Still, it captured the hearts and imagination of millions of Americans and fundamentally transformed the character of the war.  After January 1, 1863, every advance of federal troops expanded the domain of freedom.  Moreover, the Proclamation announced the acceptance of black men into the Union Army and Navy, enabling the liberated to become liberators.  By the end of the war, almost 200,000 black soldiers and sailors had fought for the Union and freedom.

“First Reading of the Emancipation Proclamation of President Lincoln,” by Francis Bicknell Carpenter

source

 

Written by LW

September 22, 2016 at 1:01 am

Diacritical Diagrams…

The curious art of diagramming sentences was invented 165 years ago by S.W. Clark, a schoolmaster in Homer, N.Y.  His book, published in 1847, was called A Practical Grammar: In which Words, Phrases, and Sentences Are Classified According to Their Offices and Their Various Relations to One Another. His goal was to simplify the teaching of English grammar. It was more than 300 pages long, contained information on such things as unipersonal verbs and “rhetorico-grammatical figures,” and provided a long section on Prosody, which he defined as “that part of the Science of Language which treats of utterance.”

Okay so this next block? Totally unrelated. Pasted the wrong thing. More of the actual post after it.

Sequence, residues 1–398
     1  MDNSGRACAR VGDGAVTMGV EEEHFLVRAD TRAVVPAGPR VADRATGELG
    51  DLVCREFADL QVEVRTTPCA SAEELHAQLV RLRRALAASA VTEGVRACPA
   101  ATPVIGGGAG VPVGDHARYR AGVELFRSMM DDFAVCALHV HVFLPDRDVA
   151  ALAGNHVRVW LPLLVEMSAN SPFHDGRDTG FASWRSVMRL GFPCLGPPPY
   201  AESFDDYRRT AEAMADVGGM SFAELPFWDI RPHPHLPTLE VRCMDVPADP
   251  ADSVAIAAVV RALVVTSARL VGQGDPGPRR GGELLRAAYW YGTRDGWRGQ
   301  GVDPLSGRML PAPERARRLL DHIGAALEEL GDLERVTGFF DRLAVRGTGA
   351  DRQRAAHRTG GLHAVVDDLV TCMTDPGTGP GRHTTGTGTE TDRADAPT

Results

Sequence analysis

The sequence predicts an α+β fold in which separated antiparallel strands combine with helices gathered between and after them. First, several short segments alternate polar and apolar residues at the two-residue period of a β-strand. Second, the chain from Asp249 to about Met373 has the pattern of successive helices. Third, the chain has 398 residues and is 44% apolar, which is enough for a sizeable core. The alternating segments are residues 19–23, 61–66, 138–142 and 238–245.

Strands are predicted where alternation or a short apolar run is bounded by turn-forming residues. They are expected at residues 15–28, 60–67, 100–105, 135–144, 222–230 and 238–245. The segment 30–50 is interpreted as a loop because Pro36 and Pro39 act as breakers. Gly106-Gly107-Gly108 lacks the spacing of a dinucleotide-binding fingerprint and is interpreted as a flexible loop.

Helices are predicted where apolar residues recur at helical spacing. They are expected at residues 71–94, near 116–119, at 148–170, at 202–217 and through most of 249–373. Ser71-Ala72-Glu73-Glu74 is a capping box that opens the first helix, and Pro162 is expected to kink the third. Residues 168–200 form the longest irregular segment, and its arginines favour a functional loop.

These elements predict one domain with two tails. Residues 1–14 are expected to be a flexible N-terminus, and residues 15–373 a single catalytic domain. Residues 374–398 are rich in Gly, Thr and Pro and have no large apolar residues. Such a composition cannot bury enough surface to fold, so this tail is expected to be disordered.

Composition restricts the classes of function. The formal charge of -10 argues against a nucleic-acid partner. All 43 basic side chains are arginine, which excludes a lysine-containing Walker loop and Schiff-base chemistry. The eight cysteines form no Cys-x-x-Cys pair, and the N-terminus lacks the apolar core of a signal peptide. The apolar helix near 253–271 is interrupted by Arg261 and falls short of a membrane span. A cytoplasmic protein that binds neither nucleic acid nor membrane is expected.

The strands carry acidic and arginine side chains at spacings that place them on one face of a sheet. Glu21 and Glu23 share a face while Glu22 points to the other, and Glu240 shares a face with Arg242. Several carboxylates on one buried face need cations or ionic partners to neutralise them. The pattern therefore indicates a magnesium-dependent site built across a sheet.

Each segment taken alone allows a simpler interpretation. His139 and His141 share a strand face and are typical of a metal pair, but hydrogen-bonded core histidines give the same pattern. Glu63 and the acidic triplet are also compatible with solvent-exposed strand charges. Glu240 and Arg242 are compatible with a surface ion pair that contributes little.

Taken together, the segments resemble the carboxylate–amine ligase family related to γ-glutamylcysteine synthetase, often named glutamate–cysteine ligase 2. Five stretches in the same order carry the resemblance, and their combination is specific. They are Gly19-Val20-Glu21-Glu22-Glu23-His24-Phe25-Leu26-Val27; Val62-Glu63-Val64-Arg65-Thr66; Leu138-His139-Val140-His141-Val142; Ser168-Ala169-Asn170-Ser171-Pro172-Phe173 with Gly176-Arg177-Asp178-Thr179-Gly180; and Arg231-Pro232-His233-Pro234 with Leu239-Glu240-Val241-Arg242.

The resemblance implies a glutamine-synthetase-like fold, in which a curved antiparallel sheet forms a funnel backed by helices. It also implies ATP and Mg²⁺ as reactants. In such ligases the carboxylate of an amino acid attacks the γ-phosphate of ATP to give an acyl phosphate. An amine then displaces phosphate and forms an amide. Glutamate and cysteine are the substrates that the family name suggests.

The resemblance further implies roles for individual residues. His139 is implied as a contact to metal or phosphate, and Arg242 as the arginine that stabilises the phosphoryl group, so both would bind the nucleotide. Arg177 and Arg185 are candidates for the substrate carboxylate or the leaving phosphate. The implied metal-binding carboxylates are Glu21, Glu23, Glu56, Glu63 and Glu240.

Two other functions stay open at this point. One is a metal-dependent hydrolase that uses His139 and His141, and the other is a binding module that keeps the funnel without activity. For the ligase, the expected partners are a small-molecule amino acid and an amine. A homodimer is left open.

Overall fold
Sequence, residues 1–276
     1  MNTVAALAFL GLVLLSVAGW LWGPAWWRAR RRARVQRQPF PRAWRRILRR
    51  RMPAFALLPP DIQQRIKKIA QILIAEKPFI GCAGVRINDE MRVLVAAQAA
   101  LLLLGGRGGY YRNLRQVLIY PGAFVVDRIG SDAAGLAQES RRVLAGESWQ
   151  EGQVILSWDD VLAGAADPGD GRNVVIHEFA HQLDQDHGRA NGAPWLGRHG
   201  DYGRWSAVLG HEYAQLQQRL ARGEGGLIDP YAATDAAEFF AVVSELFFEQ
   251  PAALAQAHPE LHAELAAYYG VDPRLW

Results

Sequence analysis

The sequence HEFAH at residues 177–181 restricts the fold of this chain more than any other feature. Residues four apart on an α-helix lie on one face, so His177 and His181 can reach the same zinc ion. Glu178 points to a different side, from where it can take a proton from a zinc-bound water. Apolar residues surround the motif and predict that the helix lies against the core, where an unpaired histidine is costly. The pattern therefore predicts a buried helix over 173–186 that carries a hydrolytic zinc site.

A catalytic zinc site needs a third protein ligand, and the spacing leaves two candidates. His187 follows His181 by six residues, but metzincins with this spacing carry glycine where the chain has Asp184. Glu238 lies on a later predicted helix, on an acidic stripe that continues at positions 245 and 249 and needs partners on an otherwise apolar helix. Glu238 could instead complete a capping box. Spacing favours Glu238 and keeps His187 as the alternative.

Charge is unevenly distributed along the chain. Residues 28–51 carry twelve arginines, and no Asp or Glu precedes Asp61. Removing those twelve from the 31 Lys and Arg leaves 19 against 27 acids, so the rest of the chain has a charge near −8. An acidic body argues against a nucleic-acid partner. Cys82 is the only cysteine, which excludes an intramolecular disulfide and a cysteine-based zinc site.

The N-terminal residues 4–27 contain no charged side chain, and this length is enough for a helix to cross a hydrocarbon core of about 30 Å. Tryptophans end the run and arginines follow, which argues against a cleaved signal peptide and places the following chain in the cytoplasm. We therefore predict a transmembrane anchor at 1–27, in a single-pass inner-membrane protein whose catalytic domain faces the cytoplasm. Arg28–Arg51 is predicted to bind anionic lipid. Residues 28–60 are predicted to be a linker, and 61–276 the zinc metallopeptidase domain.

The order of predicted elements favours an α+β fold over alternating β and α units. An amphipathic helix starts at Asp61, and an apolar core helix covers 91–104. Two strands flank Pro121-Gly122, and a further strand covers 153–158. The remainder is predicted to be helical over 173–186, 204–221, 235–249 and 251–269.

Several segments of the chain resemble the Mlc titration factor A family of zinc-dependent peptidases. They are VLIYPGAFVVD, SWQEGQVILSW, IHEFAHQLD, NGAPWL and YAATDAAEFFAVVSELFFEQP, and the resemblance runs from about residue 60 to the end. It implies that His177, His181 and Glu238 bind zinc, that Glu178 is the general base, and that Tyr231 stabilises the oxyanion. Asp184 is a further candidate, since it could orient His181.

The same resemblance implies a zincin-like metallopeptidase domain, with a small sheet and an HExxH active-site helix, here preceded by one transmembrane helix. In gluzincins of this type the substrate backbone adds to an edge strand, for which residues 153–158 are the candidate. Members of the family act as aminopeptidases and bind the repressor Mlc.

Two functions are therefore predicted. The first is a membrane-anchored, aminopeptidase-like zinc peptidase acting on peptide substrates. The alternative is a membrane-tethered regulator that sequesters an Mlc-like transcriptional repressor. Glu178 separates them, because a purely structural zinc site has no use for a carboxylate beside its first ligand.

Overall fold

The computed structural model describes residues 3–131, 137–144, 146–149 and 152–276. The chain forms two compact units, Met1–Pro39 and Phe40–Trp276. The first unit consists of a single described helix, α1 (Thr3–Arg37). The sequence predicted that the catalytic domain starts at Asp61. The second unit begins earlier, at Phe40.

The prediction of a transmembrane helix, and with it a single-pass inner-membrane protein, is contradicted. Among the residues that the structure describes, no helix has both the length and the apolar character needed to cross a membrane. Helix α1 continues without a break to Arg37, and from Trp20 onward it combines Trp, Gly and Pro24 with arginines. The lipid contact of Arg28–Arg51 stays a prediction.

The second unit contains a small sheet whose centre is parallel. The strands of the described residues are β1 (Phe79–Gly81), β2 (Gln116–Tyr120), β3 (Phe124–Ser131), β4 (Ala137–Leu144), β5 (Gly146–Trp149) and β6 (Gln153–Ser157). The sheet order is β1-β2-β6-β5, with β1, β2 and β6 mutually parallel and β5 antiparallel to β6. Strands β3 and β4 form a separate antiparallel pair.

It may have been unwieldy, but this formidable tome was also quite revolutionary: out of the general murk of its tiny print, incessant repetitions, maze of definitions and uplifting examples emerged the profoundly innovative, dazzlingly ingenious and rather whimsical idea of analyzing sentences by turning them into pictures…

The full story– and lots of nifty diagrams– at Kitty Burns Florey’s “A Picture of Language”  in the New York Times‘ Opinionator blog…

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As we map our mumblings, we might pause to think some celebratory thoughts:  today is Juneteenth.

Though the Emancipation Proclamation was issued on September 22, 1862 (effective January 1, 1863), word was slow to spread.  On June 19, 1865, Union General Gordon Granger, who’d arrived  in Galveston, Texas, with 2,000 federal troops  to take possession of the state and enforce the emancipation of its slaves, read “General Order No. 3” from a local balcony:

The people of Texas are informed that, in accordance with a proclamation from the Executive of the United States, all slaves are free. This involves an absolute equality of personal rights and rights of property between former masters and slaves, and the connection heretofore existing between them becomes that between employer and hired labor. The freedmen are advised to remain quietly at their present homes and work for wages. They are informed that they will not be allowed to collect at military posts and that they will not be supported in idleness either there or elsewhere.

Former slaves in Galveston celebrated in the streets; Juneteenth observances began across Texas the following year– and are now recognized as State Holidays by 41 states.

 Ashton Villa in Glaveston, from whose front balcony the Emancipation Proclamation was read on June 19, 1865 (source)

 Juneteenth celebration in Austin, c.1900 (source)

Written by LW

June 19, 2012 at 1:01 am